Duolingo says that importar also means "amount to"; therefore, couldn't it also translate to "I amount to cheese".
I got this confused as the I form of 'importan'...I important/matter the cheese?
importar is used for both, I believe: "to import" (as in commerce) and "to matter / to be important". For the latter, it's another "backwards" verb like gustar where the thing that is important is the subject. Thus No me importa = "I don't care."
A "backwards" verb? wtf, it's a normal thing provided your language has some sort of noun declension. (even if it doesn't though, like in english It interests me -- it's the same thing)
"to import" is a transitive verb, i.e. it requires a direct object. And "to matter" is an intransitive verb, i.e. it doesn't require a direct object.
"Yo importo queso." (with "queso" being the direct object) would use the transitive verb, e.g. "I import cheese."
"Yo importo." has no direct object, so it is the intransitive verb, "matter", e.g. I matter.
Everyone is giving tactical advice. I just assumed that importo was import cause, well, there's not that much differance. Just an "O"! xD
I originally answered, "Cheese matters to me," but on reflection, that's not quite right. While "importar" means "to matter", it's a reflexive verb. Without a reflexive particle (like "me" or "se" or "te",) it's grammatically incorrect. Further, if that were the intention of the sentence, we would have seen "importar" conjugated as if queso were the subject, rather than the object; that is, it would've been "importa" rather than "importo".
So "Me importa queso" would, like various uses of "gustar", mean that cheese is important to me, but that's not the sentence shown here today. I was wrong.
I'm merely commenting on the possible confusion one might experience if they're not looking for the reflexive pronoun. That is, "Yo importo queso" and "Me importa queso" are superficially very similar sentences.
Specifically, I'm talking about the difference between "importar" and "importarse".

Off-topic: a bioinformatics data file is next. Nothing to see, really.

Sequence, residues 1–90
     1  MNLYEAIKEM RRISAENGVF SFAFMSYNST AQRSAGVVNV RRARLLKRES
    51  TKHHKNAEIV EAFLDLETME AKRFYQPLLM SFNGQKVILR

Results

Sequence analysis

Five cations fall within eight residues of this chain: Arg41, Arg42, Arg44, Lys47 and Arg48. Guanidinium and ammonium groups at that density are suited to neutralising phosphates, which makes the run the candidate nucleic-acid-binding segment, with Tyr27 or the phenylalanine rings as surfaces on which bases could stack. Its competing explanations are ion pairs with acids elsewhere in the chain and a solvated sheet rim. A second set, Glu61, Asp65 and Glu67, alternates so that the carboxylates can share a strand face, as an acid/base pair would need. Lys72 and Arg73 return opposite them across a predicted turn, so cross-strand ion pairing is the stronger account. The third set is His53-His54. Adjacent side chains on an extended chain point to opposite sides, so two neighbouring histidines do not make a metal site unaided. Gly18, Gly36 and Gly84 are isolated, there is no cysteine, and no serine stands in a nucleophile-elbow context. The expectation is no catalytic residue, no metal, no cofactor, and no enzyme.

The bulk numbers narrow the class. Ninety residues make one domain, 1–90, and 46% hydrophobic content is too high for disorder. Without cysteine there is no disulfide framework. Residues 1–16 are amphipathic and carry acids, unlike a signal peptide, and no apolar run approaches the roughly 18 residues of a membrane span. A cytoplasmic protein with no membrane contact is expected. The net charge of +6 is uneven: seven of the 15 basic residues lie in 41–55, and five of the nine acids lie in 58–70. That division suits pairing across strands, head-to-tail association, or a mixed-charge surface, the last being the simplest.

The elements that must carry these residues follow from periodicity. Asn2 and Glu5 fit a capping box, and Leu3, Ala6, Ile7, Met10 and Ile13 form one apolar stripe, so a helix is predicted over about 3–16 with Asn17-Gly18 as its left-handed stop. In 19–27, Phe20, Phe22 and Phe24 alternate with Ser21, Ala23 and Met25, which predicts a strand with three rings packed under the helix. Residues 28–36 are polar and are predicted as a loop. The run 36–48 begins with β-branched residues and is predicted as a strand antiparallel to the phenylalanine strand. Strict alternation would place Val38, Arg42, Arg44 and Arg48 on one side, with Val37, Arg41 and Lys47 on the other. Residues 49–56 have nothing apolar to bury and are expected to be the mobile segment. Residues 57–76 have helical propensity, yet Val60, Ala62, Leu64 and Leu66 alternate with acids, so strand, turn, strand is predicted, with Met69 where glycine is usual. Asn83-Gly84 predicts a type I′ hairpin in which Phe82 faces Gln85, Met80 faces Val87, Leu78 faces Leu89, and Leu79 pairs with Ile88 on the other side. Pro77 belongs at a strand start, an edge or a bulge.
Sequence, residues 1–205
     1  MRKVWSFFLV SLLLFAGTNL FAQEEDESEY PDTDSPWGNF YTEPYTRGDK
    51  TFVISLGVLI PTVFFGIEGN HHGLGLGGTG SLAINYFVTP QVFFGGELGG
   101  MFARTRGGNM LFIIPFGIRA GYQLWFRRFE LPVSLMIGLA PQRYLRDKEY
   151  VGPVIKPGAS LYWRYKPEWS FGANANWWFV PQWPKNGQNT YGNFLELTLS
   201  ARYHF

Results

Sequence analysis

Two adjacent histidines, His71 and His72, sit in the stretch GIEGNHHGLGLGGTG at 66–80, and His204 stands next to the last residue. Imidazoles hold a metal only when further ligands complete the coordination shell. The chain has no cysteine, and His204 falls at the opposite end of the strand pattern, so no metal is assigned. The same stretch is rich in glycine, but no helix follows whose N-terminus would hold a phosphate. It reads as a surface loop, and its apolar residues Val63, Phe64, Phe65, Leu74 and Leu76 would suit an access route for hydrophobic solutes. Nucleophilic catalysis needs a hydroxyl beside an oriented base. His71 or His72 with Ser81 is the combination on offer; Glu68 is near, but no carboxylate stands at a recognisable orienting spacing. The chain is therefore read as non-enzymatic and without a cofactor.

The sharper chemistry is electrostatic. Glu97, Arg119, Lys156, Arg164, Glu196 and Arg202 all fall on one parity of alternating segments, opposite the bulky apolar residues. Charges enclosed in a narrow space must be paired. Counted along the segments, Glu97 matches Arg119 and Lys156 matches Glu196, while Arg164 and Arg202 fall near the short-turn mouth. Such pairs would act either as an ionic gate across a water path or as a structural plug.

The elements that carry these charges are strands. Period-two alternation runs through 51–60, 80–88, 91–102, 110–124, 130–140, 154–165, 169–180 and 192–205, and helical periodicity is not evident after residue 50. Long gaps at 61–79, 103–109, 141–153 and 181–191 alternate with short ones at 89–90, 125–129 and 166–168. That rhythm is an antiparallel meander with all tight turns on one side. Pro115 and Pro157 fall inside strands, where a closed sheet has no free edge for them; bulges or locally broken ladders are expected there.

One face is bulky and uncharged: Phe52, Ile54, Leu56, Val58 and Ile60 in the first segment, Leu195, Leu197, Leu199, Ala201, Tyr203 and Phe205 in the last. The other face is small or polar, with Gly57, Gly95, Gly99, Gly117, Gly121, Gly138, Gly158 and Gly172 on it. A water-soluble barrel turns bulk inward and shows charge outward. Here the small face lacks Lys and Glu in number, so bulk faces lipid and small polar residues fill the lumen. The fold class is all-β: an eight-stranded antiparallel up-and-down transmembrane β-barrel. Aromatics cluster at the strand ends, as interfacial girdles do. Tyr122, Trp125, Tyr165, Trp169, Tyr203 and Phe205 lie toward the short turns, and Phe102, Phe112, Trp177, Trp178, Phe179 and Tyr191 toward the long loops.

You did well reflecting on that. You have probably helped many (myself included) get a good grasp on this confusing matter.
So now importar is being used to mean import (as in transporting somewhere) , in addition to being used to mean 'matter' or 'be important to' ? This is confusing.
The etymology of the English "important" and "import" is the same, as is that of the Spanish counterparts. It's weird, but basically important = having the value of imported goods.
Back a few questions, it was argued that "importan" has to mean "matters" rather than "imports" because the focus has been on "matter" (which I had not noticed). This blows that out of the water.
In my dictionary "importar"s first meaning is "to matter" - no importa = it doesn't matter. The second meaning shown is "to import," which is apparently the only one that works in the context of this sentence.
My Spanish dictionary gives the meaning of 'importar' as 'to be of moment, be important or convenient; to concern, matter'. 'No importa' means no matter, it doesn't matter'.
It doesn't even list the other meaning as used in the 'queso' sentence.
What? This is I import cheese, as in, bring it into a country. Not important cheese....
Neither was "cheese matters to me", but I guess it was lacking the reflexive.
Cheese is very expensive in Canada (at least in BC) and is cheaper in the States.
because it is important to know how to put that frase together in case you ever need to import something (it may be chesee o it may be a whole bunc of other stuff) from an spanish speaking country